Climate change is hugely unjust. As it currently stands the world's richest 10% have accounted for over half of all carbon dioxide emissions, while those who have contributed least to climate breakdown are bearing its worst consequences.
In the words of Fatima Ibrahim, co-founder of the Green New Deal in the UK ‘Climate reparations are recognising the debt that the Global North owes the Global South and paying that off soon so that the Global South has the power to transform their own economies and secure the future.’
Successful climate reparations schemes go much further than simply providing ‘pay-back’; they are about tackling oppressive historical systems of colonialism and exploitation. These are the systems responsible for leaving countries around the globe without the necessary resources to respond to the climate crisis. These resources include financial and administrative resources necessary to transform the economies of countries and build their resilience to the climate crisis.
‘Climate reparations are recognising the debt that the Global North owes the Global South and paying that off soon so that the Global South has the power to transform their own economies and secure the future.’ Fatima Ibrahim
There are two main pathways of climate reparations. The first involves tort litigation for loss and damage against major fossil fuel companies- simply put, this means suing major fossil fuel companies for their role in misinformation and climate breakdown.
The second pathway is termed ‘corrective justice’, where high greenhouse gas emitters must financially compensate those who have been disproportionately harmed. This pathway enables those on the receiving end of funds, such as small island states (called creditor countries) to strengthen their resilience to growing climate concerns with funds available for disaster risk reduction and adaptation.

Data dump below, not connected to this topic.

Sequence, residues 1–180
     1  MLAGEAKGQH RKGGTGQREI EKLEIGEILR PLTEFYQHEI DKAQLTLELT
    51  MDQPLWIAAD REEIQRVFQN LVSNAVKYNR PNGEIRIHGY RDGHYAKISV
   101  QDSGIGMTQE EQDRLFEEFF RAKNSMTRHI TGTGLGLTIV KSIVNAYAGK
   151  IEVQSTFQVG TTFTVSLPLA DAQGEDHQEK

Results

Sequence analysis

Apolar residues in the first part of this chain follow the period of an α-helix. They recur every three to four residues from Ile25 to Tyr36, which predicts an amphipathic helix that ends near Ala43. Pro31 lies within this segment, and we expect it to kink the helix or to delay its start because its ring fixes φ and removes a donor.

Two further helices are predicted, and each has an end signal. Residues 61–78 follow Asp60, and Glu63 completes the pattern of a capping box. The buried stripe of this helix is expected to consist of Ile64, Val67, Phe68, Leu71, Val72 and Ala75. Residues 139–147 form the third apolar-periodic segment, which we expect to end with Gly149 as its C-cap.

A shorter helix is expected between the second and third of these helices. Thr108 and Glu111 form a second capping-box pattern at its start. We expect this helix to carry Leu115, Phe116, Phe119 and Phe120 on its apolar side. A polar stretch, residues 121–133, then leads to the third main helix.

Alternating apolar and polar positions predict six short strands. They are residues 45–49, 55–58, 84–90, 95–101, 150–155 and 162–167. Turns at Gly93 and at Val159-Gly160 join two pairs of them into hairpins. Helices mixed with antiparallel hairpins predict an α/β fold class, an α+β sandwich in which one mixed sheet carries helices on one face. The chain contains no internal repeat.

The administrative complexity of climate reparations is huge and is currently a huge barrier, despite mechanisms such as the Green Climate Fund (GCF). Created in 2010 within the framework of the UNFCCC, the GCF has mobilised close to $20 billion in funding over 100 countries. Whilst this funding is significant in comparison to other climate funds, it is still a mere drop in the ocean when it comes to addressing the $90 trillion in funding needed to achieve the global transformation required in the face of climate change.
Since 2010 the GCF has mobilised close to $20 billion in funding over 100 countries
It’s important to recognise that whilst the GCF is a great step forward, we will require much larger and coherent mechanisms as the climate crisis intensifies. While designing a fair and efficient system of compensation for climate change damage may be hugely challenging, it is crucial to ensure an equitable future for everyone.
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Oxfam. (2020). Confronting Carbon Inequality.
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Táíwò & Cibralic. (2020). Foreign Policy.